“Hello,” he calls out, happy that we are here. A familiar spark in his voice, he is smiling.

We have brought him fresh sashimi. He pulls himself to the table and greedily dips the raw fish into soy sauce. He eats with a passion he hasn’t displayed for weeks.

I see the paddle-wheel boat through the window and ask him, “How did you feel when you left for Japan on the boat, Grandpa?”

“How did I feel?” He turns to me and he looks younger. His cheeks are full. His eyes are bright and shining. He laughs. “I was excited.”

We sit there in the locked hospital ward and he talks. For a few breathless hours I listen, and watch as the past breaks the surface.

 

I come back home to Toronto. I go to work. The snow in the park melts and the air begins to warm. On the weekends, I ride my bike aimlessly. I scan the shelves of familiar bookstores; sit in greasy diners, drinking cups of coffee. Sometimes I ride east across the bridge. Let the grade of the hill pull me towards the lake, and then cut east again on a familiar quiet street, shaded by giant maples.

My grandparents sold the house years ago, well before they moved to Calgary to be with my mom and dad. Sometimes the new owners leave the curtains open at the front of the house. I can see right through the large open room to the staircase, the walls of my grandparents’ living room and kitchen long-since removed. The stairs are probably made of new, sturdier wood. From the outside it could be the same home, but there is nothing inside that can corroborate my memories. No evidence of those truths.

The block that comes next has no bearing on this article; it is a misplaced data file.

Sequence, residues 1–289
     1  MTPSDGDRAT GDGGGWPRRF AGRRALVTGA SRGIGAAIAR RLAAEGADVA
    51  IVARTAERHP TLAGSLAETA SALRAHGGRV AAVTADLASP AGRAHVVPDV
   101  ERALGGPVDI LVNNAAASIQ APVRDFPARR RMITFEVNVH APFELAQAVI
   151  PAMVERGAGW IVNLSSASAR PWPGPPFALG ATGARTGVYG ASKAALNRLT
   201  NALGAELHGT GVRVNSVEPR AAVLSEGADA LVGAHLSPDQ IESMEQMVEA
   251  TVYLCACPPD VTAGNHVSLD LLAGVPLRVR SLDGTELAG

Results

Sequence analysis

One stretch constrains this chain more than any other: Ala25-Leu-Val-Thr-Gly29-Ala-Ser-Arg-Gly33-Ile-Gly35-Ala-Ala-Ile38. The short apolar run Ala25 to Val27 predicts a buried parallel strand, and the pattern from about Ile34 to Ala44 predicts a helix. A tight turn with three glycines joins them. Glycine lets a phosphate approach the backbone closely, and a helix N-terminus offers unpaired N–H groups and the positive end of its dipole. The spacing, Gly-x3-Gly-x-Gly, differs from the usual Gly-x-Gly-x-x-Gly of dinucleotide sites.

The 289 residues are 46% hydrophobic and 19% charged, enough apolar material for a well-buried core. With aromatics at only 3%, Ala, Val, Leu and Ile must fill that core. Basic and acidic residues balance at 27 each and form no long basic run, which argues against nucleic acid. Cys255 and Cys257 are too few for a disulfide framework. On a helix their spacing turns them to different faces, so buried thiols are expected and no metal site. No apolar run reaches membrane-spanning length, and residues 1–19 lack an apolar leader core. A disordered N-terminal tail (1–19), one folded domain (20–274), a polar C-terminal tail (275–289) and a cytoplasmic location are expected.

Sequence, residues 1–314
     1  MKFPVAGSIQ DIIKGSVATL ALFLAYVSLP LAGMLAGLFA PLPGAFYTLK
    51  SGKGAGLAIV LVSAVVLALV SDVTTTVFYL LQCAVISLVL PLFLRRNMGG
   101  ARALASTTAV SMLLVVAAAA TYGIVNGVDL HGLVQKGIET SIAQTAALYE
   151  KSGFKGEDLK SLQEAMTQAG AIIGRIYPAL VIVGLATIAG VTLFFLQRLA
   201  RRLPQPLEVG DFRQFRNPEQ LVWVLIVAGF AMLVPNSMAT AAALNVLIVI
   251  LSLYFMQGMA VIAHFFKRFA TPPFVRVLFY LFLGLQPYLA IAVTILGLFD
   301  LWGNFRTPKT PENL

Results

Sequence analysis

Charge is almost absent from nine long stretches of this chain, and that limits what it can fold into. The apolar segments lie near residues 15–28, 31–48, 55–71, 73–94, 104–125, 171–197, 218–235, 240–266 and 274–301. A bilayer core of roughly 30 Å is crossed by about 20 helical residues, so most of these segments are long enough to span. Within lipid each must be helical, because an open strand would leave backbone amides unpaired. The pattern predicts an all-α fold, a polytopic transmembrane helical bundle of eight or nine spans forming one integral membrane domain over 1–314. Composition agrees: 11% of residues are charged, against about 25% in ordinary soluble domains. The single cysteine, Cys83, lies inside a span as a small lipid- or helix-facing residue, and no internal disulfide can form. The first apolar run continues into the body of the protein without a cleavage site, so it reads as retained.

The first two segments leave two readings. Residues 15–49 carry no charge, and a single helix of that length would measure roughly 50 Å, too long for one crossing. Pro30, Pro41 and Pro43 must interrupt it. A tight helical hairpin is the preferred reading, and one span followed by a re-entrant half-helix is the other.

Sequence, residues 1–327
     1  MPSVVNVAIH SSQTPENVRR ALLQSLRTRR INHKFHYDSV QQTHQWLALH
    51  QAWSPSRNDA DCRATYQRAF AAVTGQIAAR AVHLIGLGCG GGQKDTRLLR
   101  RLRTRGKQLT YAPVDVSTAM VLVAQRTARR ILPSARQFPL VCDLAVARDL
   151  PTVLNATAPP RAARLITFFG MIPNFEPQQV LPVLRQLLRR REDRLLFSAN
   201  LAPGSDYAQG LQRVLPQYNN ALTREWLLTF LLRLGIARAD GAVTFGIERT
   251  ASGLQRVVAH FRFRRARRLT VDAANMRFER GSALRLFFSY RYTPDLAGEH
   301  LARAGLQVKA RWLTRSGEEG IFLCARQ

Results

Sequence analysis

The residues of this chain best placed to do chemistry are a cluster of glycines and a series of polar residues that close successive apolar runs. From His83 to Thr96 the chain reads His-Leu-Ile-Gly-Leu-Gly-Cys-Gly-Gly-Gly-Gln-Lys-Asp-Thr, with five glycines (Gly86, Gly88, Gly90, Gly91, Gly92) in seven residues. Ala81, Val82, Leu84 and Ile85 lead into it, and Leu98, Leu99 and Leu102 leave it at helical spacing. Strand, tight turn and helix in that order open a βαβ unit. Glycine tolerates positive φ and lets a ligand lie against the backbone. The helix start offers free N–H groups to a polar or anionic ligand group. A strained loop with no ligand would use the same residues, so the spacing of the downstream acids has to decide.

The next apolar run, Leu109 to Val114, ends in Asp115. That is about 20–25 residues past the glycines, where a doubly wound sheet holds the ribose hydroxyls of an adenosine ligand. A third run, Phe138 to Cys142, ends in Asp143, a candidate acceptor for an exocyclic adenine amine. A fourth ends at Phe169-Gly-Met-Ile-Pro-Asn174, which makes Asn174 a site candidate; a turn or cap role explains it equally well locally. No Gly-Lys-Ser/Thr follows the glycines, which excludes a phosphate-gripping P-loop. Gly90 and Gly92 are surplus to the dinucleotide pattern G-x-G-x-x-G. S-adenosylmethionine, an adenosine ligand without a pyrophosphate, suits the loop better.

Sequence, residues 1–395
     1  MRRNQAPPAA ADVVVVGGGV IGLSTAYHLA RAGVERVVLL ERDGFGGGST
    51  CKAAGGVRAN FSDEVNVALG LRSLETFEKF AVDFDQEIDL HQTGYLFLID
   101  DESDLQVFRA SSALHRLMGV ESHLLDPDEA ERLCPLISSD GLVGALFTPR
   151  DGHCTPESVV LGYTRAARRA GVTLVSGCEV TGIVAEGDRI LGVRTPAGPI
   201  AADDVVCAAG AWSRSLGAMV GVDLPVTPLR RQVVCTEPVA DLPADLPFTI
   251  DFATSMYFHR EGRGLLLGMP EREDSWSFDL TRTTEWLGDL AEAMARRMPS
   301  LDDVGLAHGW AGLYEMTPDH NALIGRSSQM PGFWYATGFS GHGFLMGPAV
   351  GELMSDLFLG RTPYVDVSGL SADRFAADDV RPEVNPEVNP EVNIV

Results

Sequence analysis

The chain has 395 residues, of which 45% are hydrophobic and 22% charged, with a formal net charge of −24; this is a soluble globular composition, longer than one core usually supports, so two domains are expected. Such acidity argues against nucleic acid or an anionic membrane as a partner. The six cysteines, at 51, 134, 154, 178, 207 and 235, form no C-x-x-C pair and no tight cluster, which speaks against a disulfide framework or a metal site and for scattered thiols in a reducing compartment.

I talk to him for the last time on Father’s day. I am sitting in a park, my bike leaning against the bench. I watch a skateboarder leap into the air as his board spins beneath him, his satisfied shrug when he lands the trick smoothly. I listen to my mom calling my grandfather and then the fumble of his hands as she passes him the phone.

I wish him a Happy Fathers’ Day, and he thanks me. I ask him how he’s doing.

“Oh, fine, fine,” he answers quickly. He has something he needs to tell me. “I told your Dad and arranged everything.”

“Oh?”

“Yes, I told your Dad to take $300 from my account and be sure to give it to you, to pay you back.”

I hold my breath, wondering what jumbled memory he has grasped onto. Try to think of any time when I was in a position to loan my grandfather money, or when he would have asked. I can’t think of such a time, but thank him anyway. Knowing my father won’t take his money, won’t help him repay a debt he doesn’t owe.

“You’re welcome, Yutaka,” he says.

And he’s gone.

 

My brother calls three weeks later. Grandpa has died. A heart attack. It was quick. He no longer hurts. In the last week he had fallen and injured his shoulder; when he was in pain it was even harder for his mind to piece together the fragments. I didn’t know.

“You got to see him when he was well,” my mother says. “Keep that memory.”

I try to picture him, the sunken cheeks and the chipmunk smile when he forgot to put in his dentures. Already, it is hard to see him clearly. I find a photo of him in the hospital; I try to will that moment into the present, or myself to the past. To a moment where he is alive and happy and entirely himself. I stare until the curve of his cheek and the circles of his soft eyes begin to blur. Before he fades completely, when I can still see the line of his smile, I close my eyes and dream.